In many disputes over non-competition agreements, the litigation focuses on obtaining the temporary restraining order and/or preliminary injunction to stop the competition before the real damage is done. However, in cases where preliminary injunctive relief cannot be obtained and/or is not appropriate (e.g., because the competition has already taken place and the damage has been already done), the question of what damages were actually caused by the breach of the agreement can be a thorny one. One possible way around this “thorny” issue, as recently examined by the United States Court of Appeals for the Fifth Circuit, is the inclusion of a liquidated-damages clause.
The non-competition agreement examined by the Fifth Circuit in International Marine, L.L.C. v. Delta Towing, L.L.C., 704 F.3d 350 (5th Cir. 2013), was not an employment non-compete but rather formed part of an agreement for the sale of tugboats. Delta Towing was in the business of chartering tugboats and sold two of its tugboats to International Marine. Delta Towing understood that International Marine was looking to purchase the tugboats for “in house use” only and that it would not directly compete with Delta Towing by chartering out tugboats to third parties. The combined sales price for the two tugboats was $4 million, which, as noted in the district court’s ruling appealed to the Fifth Circuit, represented a significant discount on their fair market value. However, Delta Towing got something in return for the lower price, namely, International Marine’s agreement that it would not use the tugboats to compete with Delta Towing. As part of its agreement to purchase the tugboats, International Marine agreed to give Delta Towing the right of first refusal before International Marine could charter its vessels out to third parties. International Marine’s agreement was backed by a liquidated-damages provision, under which International Marine agreed to pay Delta Towing $250,000 per violation of these non-compete provisions.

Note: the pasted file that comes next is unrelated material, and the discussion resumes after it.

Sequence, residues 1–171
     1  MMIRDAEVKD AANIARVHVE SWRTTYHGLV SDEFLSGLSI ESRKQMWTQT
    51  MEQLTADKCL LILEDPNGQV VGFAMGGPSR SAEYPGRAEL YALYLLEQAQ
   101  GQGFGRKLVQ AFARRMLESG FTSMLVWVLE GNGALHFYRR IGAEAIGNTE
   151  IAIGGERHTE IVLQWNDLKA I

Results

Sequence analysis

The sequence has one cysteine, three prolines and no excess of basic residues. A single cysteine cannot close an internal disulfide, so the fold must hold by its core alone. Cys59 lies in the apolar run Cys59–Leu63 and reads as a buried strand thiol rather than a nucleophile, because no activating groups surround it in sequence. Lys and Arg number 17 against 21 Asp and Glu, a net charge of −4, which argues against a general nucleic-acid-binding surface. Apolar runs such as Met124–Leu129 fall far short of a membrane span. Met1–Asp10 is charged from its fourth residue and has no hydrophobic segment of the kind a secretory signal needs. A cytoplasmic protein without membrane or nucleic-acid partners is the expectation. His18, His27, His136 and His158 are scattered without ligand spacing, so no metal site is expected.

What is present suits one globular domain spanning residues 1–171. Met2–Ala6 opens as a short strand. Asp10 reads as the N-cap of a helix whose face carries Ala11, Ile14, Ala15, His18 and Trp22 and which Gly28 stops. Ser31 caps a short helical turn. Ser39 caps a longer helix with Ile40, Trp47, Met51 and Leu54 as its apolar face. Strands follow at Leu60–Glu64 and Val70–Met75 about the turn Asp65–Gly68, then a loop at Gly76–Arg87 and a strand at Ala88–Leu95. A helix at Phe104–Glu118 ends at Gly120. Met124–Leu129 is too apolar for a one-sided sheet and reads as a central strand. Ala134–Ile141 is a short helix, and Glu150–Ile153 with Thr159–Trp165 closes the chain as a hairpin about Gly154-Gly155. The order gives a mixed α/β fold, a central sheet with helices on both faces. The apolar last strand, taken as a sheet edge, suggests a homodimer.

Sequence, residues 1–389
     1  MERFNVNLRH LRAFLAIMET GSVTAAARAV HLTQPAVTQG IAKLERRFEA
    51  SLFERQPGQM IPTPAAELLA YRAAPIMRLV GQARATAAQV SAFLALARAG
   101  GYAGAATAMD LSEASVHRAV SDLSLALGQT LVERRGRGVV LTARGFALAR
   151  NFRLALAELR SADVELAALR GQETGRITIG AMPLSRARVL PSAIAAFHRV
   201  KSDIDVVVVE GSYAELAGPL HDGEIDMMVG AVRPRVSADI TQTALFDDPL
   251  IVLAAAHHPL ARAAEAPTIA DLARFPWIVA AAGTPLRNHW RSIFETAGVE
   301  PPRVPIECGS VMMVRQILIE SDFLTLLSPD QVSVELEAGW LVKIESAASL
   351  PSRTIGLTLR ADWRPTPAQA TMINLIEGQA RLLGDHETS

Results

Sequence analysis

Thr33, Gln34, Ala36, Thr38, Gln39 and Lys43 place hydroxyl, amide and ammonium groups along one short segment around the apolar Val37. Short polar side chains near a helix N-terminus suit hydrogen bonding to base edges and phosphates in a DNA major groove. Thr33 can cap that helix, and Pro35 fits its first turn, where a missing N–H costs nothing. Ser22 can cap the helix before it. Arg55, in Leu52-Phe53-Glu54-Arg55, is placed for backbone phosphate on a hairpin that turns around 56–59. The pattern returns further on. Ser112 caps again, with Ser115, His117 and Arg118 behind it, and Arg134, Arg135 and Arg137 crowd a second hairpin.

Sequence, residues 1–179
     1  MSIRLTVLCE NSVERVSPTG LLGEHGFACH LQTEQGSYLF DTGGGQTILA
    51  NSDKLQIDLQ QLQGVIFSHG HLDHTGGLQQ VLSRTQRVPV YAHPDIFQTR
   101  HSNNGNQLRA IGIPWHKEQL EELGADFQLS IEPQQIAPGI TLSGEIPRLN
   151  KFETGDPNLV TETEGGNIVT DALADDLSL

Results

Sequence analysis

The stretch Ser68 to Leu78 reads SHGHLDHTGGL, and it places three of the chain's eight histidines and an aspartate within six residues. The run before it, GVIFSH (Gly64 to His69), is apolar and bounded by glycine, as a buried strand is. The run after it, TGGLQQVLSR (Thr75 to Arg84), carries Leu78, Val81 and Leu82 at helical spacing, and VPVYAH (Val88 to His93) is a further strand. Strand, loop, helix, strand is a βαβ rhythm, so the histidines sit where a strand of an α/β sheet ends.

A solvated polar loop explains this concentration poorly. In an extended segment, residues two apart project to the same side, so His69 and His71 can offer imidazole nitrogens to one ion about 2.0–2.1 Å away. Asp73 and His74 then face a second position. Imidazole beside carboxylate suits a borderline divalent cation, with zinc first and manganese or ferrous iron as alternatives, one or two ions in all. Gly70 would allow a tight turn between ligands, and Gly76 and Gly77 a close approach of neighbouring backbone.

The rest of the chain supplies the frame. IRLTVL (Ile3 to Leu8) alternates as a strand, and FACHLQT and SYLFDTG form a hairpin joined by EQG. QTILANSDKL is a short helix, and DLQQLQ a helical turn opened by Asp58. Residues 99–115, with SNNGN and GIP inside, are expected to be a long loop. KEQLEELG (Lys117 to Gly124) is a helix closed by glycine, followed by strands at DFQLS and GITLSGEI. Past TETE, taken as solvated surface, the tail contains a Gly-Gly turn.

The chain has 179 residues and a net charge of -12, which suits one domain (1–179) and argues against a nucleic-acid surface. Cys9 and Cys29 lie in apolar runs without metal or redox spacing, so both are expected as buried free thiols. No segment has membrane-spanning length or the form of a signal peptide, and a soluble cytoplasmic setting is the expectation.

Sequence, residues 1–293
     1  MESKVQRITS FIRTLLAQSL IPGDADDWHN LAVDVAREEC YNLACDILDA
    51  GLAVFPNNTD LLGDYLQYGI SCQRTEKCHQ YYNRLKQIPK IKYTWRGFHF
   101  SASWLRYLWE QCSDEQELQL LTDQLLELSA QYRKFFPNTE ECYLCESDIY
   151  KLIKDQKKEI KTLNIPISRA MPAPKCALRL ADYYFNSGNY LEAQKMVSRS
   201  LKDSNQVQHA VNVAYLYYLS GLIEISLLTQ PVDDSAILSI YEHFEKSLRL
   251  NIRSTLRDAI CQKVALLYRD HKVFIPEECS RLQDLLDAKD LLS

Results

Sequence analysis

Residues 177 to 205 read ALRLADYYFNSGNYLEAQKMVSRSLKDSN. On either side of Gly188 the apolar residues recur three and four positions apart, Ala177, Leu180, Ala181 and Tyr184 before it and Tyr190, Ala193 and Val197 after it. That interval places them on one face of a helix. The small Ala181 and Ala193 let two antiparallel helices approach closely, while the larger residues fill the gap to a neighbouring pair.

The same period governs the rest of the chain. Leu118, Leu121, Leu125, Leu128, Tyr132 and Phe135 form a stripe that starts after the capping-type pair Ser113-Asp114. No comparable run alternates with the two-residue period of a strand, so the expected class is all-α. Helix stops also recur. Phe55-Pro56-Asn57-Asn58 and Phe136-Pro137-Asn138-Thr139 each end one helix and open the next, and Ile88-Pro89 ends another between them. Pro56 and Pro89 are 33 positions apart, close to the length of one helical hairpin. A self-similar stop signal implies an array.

Following the sale, Delta Towing discovered, after the fact, that International Marine had been chartering out the tugboats it had purchased and had not informed Delta Towing of these charters such that it could have exercised its contractual right of first refusal. Delta Towing sued in the United States District Court for the Eastern District of Louisiana, and the district judge ruled that the liquidated-damages provision was enforceable. International Marine appealed this ruling to the Fifth Circuit, but the Fifth Circuit affirmed, noting the difficulty inherent in calculating damages for breaches of covenants not to compete. Given this inherent difficulty, the Fifth Circuit determined that the liquidated-damages provisions were “reasonably related” to anticipated damages in this case and that International Marine had failed to show that these provisions provided for an impermissible “penalty.”
So what “take aways” can be made from an agreement for the sale of tugboats, and can these same principles be applied to employment non-competes? Although “liquidated damages” clauses may be less helpful in the case of an agreement between an employer and employee — in part because a departing employee may lack the financial resources to pay monetary damages — similar provisions are often found in the agreements that staffing agencies and consulting companies enter into with their clients. For example, a consulting company providing specialized “manpower” to a client may be concerned that the client might decide “to cut out the middleman” by hiring the consulting company’s employees directly. As a result, the consulting company may require its clients to sign “no hire” agreements backed by a liquidated-damages clause. In other words, what works for the sale of tugboats may sometimes work for employment-related agreements as well.